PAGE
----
Male cheerleaders impact competition season


Taylor Kuelthau, In-depth Editor

Football season has come to an end and competition season for the cheer team has begun.  IHSA allows each team to compete in six competitions, and with the first competition Dec. 4, the cheerleaders have already begun preparing. . Even though the team is co-ed this year, they have been placed in the Large All Girl Division.

At each competition, there are four main divisions: small, medium, large, or co-ed.  To be accepted into the co-ed division, there has to be multiple male cheerleaders on a team.  Since the Cheer Team only has one, they have no choice but to compete in the all-girls section.

“All divisions in cheer are difficult, but there tends to be the most number of teams in the large division, so it makes the competition a bit tougher because only 25 teams in each division advance to State,” Varsity coach Allyson Passarelli said.

Aside from last year, the cheer team has always been co-ed.  Being in the All-Girl Division is still a new experience.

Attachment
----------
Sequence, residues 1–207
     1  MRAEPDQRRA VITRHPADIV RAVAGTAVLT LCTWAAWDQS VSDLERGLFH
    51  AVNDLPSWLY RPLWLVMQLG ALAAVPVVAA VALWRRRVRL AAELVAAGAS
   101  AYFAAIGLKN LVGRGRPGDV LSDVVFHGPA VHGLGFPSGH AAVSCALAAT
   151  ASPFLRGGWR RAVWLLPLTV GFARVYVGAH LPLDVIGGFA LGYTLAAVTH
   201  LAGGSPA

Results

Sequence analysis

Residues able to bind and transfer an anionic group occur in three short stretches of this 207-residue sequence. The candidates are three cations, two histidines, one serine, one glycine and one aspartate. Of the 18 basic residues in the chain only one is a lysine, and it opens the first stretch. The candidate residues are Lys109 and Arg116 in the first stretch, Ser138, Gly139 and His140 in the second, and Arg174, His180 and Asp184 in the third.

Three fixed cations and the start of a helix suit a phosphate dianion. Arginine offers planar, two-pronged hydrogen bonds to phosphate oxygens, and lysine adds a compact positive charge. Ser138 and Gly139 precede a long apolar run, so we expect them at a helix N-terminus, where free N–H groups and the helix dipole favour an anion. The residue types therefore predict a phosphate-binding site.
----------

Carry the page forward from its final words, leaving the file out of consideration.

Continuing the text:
“Last year was the first time we were in the All-Girl Division because we’ve been co-ed for so long.  It was a brand new thing for us because we didn’t know any of the teams that we were competing against,” Varsity cheerleader, senior Chloe Edmonson said.

To try and recruit more male cheerleaders, the girls that were on the team during football season held a clinic in the fieldhouse.  Members of the football team and friends of the current cheerleaders were brought in to practice stunts and routines.

“After a regular day of practice for us, we had the guys come in to teach them how to stunt, do jumps, and tumble if they wanted to,” Varsity cheerleader Franki Lagiglio said.

The only boy on the team this winter, junior Josh Ronquillo, will be making his debut this season.  Though Ronquillo was nervous to try out at first, he’s already enjoying the cheer environment.

I hesitated on whether I wanted to show up, but I did. When I got there, everyone welcomed me and had me stunt, knowing I had no experience,” Ronquillo said.  “I’m mostly excited to hear the crowd roaring after finishing our routine.

Having male cheerleaders during competition season not only increases the chances of advancing to State, but it allows the team to enhance their routines and stand out during their performances.

“Having boys on the team for the season is crucial for stunts.  Since they’re naturally stronger, they make the stunts cleaner and have better execution,” Varsity cheerleader, senior Olivia Valente said.